Getting into the Christmas spirit has been a struggle for Elizabeth Gutierrez Ramirez, her husband Juan and her 5-year-old daughter, Julianna. Just three weeks ago, they lost their toddler Bella, Julianna’s 3-year-old sister, to Leigh syndrome.
On Saturday, December 12, however, the family was all smiles as they celebrated during Rock Church’s 19th annual Toys for Joy at Lincoln High and Porter Elementary schools in southeast San Diego. The smiles turned to laughter when they discovered they had a winning bicycle raffle ticket. “It was a blessing,” said a grateful Elizabeth Ramirez, who said it has been difficult to stay positive and motivated for her 5-year-old, who chose a training bike with Disney’s “Frozen” motif. “We’re trying to raise our spirits more because of the holidays, so this was a blessing to her. Taking Julianna out today kept our minds busy and not thinking too much about losing our daughter.”
The free multi-site event, which is a coordinated effort of Rock Church, community churches, private sponsors and city agencies, seeks to provide toys, food, clothing and other services -- as well as a day of family fun -- to those who are in financial need. The experience was held this year in central San Diego, North County, East County and South County. Over 4,000 volunteers rejoiced at the four locations Sunday when they viewed a video of the statistics of the previous day: 20,023 in attendance, including 766 special needs kids and families, 22,827 toys collected, 3,042 responses to the gospel message, 840 haircuts and 1,568 manicures.
Joining in on the fun and passing out toys at the Lincoln site were city leaders Mayor Kevin Faulconer, Police Chief Shelley Zimmerman, Fire Chief Brian Fennessy, City Councilmember Myrtle Cole and former City Council President Tony Young.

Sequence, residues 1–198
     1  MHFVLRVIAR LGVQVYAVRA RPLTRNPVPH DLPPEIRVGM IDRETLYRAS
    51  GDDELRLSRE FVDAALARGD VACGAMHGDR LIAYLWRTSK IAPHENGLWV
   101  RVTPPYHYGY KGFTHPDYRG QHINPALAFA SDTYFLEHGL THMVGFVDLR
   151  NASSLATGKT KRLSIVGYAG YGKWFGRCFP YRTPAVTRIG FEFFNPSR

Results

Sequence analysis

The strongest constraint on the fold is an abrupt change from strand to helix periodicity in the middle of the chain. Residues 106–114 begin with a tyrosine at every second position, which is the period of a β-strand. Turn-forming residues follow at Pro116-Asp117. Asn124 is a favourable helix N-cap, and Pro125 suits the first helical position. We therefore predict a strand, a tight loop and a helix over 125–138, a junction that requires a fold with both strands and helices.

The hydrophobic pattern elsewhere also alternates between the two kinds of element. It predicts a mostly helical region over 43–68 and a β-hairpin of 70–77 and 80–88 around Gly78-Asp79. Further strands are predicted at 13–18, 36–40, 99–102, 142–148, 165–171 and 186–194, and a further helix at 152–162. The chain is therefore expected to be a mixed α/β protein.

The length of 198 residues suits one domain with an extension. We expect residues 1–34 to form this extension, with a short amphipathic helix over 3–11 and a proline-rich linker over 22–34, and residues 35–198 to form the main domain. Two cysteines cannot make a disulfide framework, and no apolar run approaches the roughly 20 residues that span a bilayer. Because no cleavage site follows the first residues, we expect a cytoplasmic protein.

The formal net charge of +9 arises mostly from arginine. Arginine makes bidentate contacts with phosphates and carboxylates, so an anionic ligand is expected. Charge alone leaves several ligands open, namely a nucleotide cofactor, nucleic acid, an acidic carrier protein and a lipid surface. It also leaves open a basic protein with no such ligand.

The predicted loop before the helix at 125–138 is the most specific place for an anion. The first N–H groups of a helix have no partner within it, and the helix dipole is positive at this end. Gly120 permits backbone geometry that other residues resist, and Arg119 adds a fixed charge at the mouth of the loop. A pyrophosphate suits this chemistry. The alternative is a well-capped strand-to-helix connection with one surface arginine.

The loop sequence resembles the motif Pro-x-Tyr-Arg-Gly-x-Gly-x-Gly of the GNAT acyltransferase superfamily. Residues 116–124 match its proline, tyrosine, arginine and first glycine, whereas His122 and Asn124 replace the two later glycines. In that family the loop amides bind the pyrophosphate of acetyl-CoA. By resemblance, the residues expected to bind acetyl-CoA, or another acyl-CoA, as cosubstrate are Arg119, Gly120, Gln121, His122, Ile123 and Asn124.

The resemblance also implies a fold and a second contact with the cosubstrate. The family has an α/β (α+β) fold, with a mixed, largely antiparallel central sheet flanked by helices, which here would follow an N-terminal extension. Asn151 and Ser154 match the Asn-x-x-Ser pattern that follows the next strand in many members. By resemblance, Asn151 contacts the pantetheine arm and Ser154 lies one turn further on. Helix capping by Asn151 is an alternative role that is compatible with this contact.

“We want to thank all the community leaders and the mayor,” said Rock Church Pastor Miles McPherson, “because they partner with us every year in all the things we do around San Diego.”
“It is even bigger and better than last year,” said Cole, holding back tears. “To see these children, these youth, it warms your heart and it makes you grateful that we’re so blessed.”
Faulconer congratulated the volunteers for their efforts. “I’m so proud of you,” he said. “You represent the best of San Diego. The fabric of our city is when our community groups and our churches come together to help out, to give back.”
In the past, families waited as early as 5 p.m. the previous day to be able to enter the venue first. One family held the coveted position for the past few years but this year, the Fernandez family was first in line, having claimed their spot Thursday evening, two days before the opening. The Spring Valley family willingly braved the 19 mph winds, scattered showers and 46 degree lows to have the first pick in the Toy Room. “Last year we were in the back of the line so we decided to come earlier,” said 30-year-old Diego, a landscaper who acknowledged that the family-friendly event also helps provide financially for five children and six grandchildren. “We came to have a good time and spend it together. It relieves a little stress and they get to pick something they want.”